Design & Implementation

Design & Implementation

Strategic management is critical both for starting a business, running it and for its expansion.

According to Michael E. Porter, strategy is

  • About competitive position, which refers to the firm’s standing in the market relative to its competitors
  • About differentiating yourself in the eyes of the customer
  • About adding value through a mix of activities different from those used by competitors

Overall, strategy could be termed as general plan of action which is formulated to fulfill a firm’s long-term goals and objectives.  Strategic Management has three components, diagnosis, design and implementation.



Before designing a strategy, one should be aware/understand the elements that surround the business. Be it designing a strategy for start-up or existing business, one has to undergo an analysis of the business environment in which an enterprise operates/is going to operate. Some important tools for business diagnosis are given below. The tools given below can be used by the MSME manager to understand the external (PESTLE) and internal (SWOT) business environment.




PESTLE Analysis
(Download a Template on PESTLE Analysis)

PESTLE stands for - Political, Economic, Sociological, Technological, Legal and Environmental. It is in effect an audit of an organization’s environmental influences with the purpose of using this information to guide strategic decision-making.


It provides a consistent framework for comparison either from within the organization or to benchmark against a previous analysis or benchmark against other organizations.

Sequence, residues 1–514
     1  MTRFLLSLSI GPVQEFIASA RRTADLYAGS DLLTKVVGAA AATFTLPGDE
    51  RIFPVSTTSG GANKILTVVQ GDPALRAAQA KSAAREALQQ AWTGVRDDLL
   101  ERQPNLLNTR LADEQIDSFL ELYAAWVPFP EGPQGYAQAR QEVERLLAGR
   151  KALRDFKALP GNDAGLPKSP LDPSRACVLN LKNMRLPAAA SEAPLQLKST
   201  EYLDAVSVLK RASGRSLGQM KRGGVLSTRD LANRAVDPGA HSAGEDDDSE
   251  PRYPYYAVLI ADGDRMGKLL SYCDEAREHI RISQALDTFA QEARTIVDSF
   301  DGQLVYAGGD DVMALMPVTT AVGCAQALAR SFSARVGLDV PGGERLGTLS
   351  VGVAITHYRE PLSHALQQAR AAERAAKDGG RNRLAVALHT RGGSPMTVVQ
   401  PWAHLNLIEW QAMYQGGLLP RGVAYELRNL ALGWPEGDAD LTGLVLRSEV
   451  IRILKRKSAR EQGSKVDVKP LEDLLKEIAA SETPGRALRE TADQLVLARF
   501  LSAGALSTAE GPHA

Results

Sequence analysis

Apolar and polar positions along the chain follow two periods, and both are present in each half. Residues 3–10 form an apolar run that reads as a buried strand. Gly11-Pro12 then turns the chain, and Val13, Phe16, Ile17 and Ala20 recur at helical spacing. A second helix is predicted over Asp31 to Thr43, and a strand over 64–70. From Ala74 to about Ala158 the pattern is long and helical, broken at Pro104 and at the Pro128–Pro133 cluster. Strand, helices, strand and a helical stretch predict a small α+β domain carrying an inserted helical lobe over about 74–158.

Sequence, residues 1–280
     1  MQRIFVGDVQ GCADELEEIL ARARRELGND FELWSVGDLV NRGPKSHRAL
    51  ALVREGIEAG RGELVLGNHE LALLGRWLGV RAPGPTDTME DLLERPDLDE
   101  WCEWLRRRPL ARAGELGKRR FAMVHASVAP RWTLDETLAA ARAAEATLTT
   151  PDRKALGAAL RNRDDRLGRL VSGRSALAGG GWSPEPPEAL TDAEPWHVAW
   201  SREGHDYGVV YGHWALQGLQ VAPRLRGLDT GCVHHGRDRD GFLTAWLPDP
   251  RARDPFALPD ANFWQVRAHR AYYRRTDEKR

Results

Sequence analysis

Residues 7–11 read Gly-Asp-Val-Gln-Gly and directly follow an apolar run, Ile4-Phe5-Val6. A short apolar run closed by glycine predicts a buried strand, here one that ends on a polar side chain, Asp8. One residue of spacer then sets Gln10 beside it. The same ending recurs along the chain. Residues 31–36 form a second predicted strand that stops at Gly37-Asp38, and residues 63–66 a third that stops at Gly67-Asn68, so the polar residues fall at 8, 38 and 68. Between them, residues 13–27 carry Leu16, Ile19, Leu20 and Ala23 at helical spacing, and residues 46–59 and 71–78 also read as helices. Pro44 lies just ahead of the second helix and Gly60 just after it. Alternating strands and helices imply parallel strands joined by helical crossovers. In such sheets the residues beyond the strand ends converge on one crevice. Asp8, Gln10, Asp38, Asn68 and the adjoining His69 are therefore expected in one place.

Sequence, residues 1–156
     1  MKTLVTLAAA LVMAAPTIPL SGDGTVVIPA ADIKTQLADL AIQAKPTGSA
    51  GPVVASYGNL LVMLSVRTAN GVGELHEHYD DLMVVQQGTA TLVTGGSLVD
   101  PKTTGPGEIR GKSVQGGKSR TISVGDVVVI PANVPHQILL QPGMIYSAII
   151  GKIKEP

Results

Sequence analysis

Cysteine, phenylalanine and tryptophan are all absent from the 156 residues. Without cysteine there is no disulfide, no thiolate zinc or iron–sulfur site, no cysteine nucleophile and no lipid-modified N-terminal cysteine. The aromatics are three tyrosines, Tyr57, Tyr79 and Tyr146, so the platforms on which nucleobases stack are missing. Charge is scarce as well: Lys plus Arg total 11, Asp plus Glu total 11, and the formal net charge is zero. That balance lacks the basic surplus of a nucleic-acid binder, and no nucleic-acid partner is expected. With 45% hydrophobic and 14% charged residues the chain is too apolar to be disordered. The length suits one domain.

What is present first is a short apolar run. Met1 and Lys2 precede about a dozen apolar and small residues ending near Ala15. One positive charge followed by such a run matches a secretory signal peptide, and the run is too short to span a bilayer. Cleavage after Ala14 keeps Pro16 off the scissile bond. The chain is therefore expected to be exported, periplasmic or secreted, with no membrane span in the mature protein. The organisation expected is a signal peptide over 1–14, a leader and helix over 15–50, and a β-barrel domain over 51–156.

SWOT Analysis
(Download a Template on SWOT Analysis)

Is a planning tool used to understand the Strengths, Weaknesses, Opportunities, and Threats involved in a project or in a business. It involves specifying the objective of the business or project and identifying the internal and external factors that are supportive or unfavorable to achieving that objective.



Strategy formulation is the process of determining appropriate courses of action for achieving organizational objectives and thereby accomplishing organizational purpose. It is the second phase in the strategic management process that leads to the establishment of the organization's goals and of a specific strategic plan.

There are three aspects to strategy designing, 1) Corporate Strategy, 2) Business Level Strategy, 3) Functional Level Strategy

1) Corporate Strategy
Corporate strategy is concerned with broad decisions regarding overall scope and direction of the organisation.Basically, corporate strategy pertains to determination of the growth objective and strategy for achieving it, the lines of business, and how these lines of business fit together.  It is useful to think of three components of corporate level strategy:


  • Growth or directional strategy -what should be the growth strategy, ranging from retrenchment through stability to varying degrees of growth - and how to accomplish it.
  • Portfolio strategy - what should be the portfolio of lines of business, which implicitly requires reconsidering the degree of concentration or diversification.
  • Parenting strategy - how to allocate resources and manage capabilities and activities across the portfolio -- where to put special emphasis, and how much to integrate the various lines of business.


2) Competitive Strategy (also known as Business Level Strategy)